About Connections: Love it or hate it, history is a map. Those who hate history think it irrelevant; many who love history think it escapism. In truth, history is the clearest road map to how we got here: America in the twenty-first century.
On December 7, 2015 the electronic version of my new book, Remarkable Women of New England: the War years 1754 – 1787 will be available with the hard copy version to follow in January.
Obviously a glutton for punishment, I am thinking about the possibility of a sequel, “Remarkable Women of the Nineteenth Century.”
Not destined to be Iron Man II, still it is interesting how many remarkable women there were in Berkshire in the 1800s. By remarkable I don’t mean just women who made a positive contribution. I mean women remarked upon; it could be women who were murderesses or provocateurs. It could be …Crazy Sue Dunham.
Was this crazy lady remarkable? Evidently she was. In the mid-nineteenth century, Catharine Sedgwick wrote about her; George Williams painted her; it is claimed the 1818 Staffordshire plate commemorating Pittsfield depicted her, and many quoted her. Who was she? Sue was probably our first “bag lady”; a homeless, rootless, bootless woman who wandered Berkshire alone. Why was Sue not nameless and faceless as are many other homeless; good question.
Sue was born in 1767; born into that eighteenth century world where an adult female was either a wife or a nuisance. There is no record that she ever married. Did that drive her mad? According to Catharine Sedgwick, it did. In “New England Tales” Sedgwick wrote that “Crazy Bet” – her name for Sue – was driven to distraction by unrequited love. There is no record of it.
At the end of her life when reason returned, Sue said her suffering was caused by “a little politics and a little religion.” There is some scant evidence of a tent revival near her father’s home and some anecdotal reports that she was knocked off her rocker by the lurid tales of hell fire and brimstone. The tent revival may have been the “little religion.” The “little politics” may have been a fight between her father and the man she loved.
Sue came of age during the Revolutionary War. Her father, it is said, was a strident supporter of the Constitution; her lover was not. Her father forbid the banns; so perhaps Sedgwick was right.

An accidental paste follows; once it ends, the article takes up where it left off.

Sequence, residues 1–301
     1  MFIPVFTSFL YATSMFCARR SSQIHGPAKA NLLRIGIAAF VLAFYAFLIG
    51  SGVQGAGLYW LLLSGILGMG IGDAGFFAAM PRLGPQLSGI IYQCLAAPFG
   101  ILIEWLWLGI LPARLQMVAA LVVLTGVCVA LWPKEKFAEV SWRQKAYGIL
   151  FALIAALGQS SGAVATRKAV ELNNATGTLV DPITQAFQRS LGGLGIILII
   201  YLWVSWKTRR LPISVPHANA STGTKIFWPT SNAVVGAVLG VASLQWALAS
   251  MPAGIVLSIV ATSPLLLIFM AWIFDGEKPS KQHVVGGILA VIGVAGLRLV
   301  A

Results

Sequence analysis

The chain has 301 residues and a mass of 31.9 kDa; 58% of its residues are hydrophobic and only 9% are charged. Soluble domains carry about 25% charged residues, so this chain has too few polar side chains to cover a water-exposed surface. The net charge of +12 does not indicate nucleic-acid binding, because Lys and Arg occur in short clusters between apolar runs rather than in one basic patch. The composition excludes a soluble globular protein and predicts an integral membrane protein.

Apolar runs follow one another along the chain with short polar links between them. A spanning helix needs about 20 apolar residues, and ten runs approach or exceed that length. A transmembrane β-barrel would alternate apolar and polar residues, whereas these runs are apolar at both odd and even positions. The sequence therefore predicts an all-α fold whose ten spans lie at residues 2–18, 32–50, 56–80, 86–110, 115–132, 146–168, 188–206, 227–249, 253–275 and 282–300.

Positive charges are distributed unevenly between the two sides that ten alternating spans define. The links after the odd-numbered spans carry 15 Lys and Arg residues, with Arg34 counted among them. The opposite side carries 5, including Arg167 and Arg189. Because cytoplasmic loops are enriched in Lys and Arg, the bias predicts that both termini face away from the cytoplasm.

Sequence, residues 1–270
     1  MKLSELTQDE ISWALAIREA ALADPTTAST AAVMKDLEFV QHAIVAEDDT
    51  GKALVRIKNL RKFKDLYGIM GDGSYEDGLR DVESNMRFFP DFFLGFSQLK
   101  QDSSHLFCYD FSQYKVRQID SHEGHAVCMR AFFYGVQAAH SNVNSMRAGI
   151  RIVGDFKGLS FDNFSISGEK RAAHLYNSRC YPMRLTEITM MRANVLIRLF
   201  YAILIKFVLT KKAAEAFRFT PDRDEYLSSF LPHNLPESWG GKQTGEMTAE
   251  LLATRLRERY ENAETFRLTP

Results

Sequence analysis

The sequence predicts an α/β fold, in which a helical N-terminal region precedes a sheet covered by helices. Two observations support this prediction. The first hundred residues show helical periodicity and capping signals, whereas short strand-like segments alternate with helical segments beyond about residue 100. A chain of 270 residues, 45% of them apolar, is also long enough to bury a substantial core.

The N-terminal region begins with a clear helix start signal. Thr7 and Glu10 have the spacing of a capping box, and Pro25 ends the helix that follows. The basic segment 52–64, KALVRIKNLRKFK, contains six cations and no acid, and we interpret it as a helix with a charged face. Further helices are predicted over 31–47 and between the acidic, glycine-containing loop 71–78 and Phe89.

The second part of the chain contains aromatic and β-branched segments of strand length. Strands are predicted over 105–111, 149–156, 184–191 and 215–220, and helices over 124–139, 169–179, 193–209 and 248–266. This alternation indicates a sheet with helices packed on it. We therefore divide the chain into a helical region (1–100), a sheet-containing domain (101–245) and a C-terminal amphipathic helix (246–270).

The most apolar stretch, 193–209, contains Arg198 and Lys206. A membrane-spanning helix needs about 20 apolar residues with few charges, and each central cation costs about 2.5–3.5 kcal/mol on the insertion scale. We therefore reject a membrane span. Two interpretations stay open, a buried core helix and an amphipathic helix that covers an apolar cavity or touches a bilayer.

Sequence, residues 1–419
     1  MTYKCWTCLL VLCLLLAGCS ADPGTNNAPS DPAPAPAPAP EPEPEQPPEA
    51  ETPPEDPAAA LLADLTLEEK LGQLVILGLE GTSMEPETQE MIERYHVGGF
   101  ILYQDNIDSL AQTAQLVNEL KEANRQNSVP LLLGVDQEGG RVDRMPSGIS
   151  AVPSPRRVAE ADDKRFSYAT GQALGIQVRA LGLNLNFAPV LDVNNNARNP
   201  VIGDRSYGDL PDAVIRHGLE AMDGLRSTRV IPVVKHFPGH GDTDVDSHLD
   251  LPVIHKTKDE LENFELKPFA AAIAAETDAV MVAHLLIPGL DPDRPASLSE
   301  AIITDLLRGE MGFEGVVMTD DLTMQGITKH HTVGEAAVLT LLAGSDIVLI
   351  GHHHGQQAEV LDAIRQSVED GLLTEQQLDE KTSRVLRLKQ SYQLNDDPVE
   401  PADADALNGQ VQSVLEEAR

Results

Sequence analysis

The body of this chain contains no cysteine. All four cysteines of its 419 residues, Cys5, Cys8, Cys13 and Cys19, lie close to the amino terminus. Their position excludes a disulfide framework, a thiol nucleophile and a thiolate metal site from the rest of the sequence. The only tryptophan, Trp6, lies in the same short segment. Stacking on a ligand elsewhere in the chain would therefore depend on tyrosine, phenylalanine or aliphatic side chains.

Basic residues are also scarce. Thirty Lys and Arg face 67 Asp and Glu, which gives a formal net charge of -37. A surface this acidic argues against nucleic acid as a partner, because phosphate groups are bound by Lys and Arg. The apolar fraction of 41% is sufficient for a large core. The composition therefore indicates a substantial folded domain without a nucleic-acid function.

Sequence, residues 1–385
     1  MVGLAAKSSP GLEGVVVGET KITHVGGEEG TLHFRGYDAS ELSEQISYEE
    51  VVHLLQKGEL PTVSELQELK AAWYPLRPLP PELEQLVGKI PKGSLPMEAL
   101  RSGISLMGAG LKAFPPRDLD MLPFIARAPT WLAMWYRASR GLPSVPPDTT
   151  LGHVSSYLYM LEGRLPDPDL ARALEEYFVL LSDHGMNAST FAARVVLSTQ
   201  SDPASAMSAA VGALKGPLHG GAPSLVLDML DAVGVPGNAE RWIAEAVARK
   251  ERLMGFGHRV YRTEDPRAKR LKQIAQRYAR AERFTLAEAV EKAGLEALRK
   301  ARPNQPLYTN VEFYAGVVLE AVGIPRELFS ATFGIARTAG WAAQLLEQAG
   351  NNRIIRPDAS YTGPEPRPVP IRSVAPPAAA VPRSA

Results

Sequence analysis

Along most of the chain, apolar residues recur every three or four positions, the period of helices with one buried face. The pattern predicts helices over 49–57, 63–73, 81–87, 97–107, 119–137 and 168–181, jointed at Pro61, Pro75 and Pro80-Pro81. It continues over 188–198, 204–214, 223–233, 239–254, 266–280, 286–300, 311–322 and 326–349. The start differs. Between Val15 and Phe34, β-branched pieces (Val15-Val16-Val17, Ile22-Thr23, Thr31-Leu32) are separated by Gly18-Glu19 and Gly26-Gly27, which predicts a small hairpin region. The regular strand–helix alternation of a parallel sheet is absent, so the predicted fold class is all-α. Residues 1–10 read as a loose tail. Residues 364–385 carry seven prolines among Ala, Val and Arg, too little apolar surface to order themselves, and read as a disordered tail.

Whatever the cause, Sue wandered. She wandered for over fifty years until her death in Pittsfield in 1852. Her life spanned American history from the Revolutionary War almost to the Civil War. She walked from Cheshire to Lee from Dalton to Lenox and was known wherever she went.
It was remarkable that she was tolerated in a time when beggars and the insane were not. It was remarkable that she lived free and unencumbered as a spinster in a time when a spinster was closeted and controlled. It was remarkable that she begged and stole to live and there is no record that she was ever prosecuted. It was remarkable that people remembered, saved and repeated her witty sayings and tales of her resourcefulness.
When a lawyer and a doctor found her fishing, they asked what she was doing.
She naturally said “Fishing.”
When they asked for what, she resisted saying, “fish” and answered, “For the devil.”
The lawyer and doctor were interested and asked “What will you use for bait?”
Sue said, “Doctors and lawyers.”
Some boys happened by carrying ears of roasted corn. Sue asked if they would like to hear her pray.
They said yes.
“Well then,” Sue said, “You must put down your corn, here in a stack. You must kneel and cover your eyes. Then I will say a pray for you.”
They did. They heard nothing. They looked around just in time to see Sue with all their corn stealing away.
The story is told with boys and corn, girls and spiced apples, and workers with dinner pails, but all end the same.
As Sue stole away, she shouted back, “The good book says to pray but it also says to watch and pray.”
In July 1835, Fanny Appleton Longfellow wrote in her diary that she was delighted when Crazy Sue stopped in at dinnertime because she was anxious to see her.
Fanny had heard all about Sue, had read New England Tales, but never met her.
Fanny reported Sue was not as crazy as reports would have it, because while she rambled on, there was now and then “an amazingly shrewd hit about matters and things.”
Sue moved and spoke with great rapidity.
“She is a streak of lightening.” Fanny wrote.
Sue wore an odd assortment of clothes including a “whole shoe” on one foot and straps and wrappings on the other. She had roses stuck in her bonnet. She had a straight nose and bright eyes and even well into her sixties, lined and weary, Fanny said, “she was handsome.”
Fanny said she spoke mostly about religion but her speech was punctuated with clever retorts and surprisingly insightful comments about politics.
When asked, Sue told Fanny, “Insanity runs in my family.”
Once when teased by some thoughtless youth, Sue was silent.
They taunted, “Did you know the devil died?”
This interested her. “Oh” Sue said, “when?”
“Yesterday,” the young men said.
“Oh” Sue rejoined “you poor fatherless children.”
All this forces a question: was Crazy Sue in the least crazy?
Was her behavior a guise that allowed — what? Freedom not otherwise afforded females in the early nineteenth century: an escape from her father’s home, freedom to roam, and freedom to speak her mind? Maybe, or she might have been crazy, but she was certainly clever.
Just this morning I realized it is a whole year until the presidential election. Good grief. You and I are faced with an entire year more of whatever we have been treated to so far. For a fraction of a second, as that thought formed, I felt my sanity slip. Gee, Sue, you were right. Politics can drive you crazy.